Alex Rodriguez writes in the Chicago Tribune: "The Kremlin's decision Tuesday to recognize the independence of Georgia's two breakaway enclaves deepens what has become the West's worst crisis with Moscow since the end of the Cold War--a crisis that has revealed its lack of leverage over a confident, aggressive Russia."

Paul Richter and Sergei L. Loiko write in the Los Angeles Times: "The Bush administration and its European allies, stung by Russia's formal recognition of two separatist Georgian enclaves, faced new pressure Tuesday to strike back diplomatically and politically against the Kremlin's widening move to assert its power in the Caucasus.

"U.S. officials, who have shunned a military response, did not publicly specify available options. But privately, they cited the possibility of excluding Russia from a number of international institutions, such as the World Trade Organization. They also could try to pressure Moscow through economic measures that pinch the wallets or limit the mobility of Russia's wealthy elite and middle class, including restrictions on travel to the West. . . .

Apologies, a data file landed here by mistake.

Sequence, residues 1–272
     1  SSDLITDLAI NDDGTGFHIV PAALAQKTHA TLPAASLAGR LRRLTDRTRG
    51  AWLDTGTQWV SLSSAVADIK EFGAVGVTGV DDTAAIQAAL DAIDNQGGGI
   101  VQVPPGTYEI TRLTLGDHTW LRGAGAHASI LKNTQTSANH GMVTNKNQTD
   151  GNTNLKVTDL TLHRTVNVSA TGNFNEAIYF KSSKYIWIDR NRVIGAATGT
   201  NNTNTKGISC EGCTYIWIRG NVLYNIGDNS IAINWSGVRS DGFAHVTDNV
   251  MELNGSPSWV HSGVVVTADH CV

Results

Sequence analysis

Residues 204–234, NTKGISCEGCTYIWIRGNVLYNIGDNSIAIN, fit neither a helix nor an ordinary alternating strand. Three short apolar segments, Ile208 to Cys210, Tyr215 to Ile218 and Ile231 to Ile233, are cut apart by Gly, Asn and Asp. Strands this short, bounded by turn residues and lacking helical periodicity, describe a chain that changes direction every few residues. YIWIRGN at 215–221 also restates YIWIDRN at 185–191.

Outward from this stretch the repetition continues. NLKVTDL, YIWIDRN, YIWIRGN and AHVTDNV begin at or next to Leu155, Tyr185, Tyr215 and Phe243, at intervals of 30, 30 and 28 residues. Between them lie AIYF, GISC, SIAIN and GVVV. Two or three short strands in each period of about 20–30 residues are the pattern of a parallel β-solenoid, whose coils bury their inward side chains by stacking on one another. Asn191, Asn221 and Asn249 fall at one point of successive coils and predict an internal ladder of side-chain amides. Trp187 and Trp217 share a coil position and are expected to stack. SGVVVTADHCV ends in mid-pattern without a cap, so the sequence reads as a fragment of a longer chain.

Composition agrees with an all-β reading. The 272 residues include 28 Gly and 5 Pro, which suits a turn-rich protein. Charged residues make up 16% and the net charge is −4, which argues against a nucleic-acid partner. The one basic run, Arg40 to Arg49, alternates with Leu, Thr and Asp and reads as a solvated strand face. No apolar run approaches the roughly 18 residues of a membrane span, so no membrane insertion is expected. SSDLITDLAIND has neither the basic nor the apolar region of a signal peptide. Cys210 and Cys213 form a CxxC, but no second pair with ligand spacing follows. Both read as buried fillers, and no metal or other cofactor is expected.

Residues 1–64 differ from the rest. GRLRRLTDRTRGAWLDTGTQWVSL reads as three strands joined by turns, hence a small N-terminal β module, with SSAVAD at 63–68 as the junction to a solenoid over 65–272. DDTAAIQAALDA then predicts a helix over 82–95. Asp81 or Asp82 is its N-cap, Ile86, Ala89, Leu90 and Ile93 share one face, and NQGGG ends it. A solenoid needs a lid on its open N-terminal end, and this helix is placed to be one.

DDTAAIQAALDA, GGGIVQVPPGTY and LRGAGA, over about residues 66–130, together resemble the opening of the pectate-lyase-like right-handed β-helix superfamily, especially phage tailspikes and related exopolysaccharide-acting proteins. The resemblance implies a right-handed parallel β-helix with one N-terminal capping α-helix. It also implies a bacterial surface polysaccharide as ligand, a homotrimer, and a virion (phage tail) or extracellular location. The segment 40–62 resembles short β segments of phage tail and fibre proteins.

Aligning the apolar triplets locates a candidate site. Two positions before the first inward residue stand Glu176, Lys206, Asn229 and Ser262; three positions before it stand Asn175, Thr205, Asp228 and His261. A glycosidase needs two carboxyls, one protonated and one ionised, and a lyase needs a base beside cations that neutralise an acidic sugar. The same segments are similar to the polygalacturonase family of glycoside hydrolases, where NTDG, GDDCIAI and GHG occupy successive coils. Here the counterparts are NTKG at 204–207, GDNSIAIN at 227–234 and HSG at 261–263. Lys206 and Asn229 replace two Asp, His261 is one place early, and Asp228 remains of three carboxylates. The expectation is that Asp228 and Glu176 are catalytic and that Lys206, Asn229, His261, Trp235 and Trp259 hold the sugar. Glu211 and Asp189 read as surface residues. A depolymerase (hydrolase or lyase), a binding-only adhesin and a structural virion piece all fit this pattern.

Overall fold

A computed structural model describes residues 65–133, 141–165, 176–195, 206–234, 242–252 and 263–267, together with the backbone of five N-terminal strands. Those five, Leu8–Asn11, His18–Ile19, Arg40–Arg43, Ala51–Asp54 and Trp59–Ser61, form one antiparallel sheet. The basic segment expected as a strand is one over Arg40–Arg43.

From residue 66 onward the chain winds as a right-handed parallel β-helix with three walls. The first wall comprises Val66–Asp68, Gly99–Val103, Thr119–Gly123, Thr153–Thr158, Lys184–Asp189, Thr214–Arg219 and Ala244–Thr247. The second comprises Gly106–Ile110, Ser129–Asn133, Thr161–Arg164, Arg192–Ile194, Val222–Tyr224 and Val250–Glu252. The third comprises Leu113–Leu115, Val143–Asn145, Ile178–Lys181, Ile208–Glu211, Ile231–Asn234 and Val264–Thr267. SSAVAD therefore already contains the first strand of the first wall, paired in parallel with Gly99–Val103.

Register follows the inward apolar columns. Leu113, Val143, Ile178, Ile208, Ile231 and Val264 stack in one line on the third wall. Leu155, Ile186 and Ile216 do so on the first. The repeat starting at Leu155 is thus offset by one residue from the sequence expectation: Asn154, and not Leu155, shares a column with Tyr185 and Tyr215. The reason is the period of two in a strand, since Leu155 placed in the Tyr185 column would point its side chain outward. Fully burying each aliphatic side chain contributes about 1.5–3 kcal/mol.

"Charles Kupchan, who was a National Security Council aide in the Clinton administration, said the Russian policy is a miscalculation because it 'strengthens those in both the United States and Europe who believe it's time for the West to take some serious steps to respond to Russian behavior.'"

Meanwhile, Niko Mchedlishvili writes for Reuters: "A U.S. Coast Guard ship carrying aid for victims of Georgia's brief war with Russia arrived on the country's Black Sea coast on Wednesday, but backed down from docking in a Russian-patrolled port.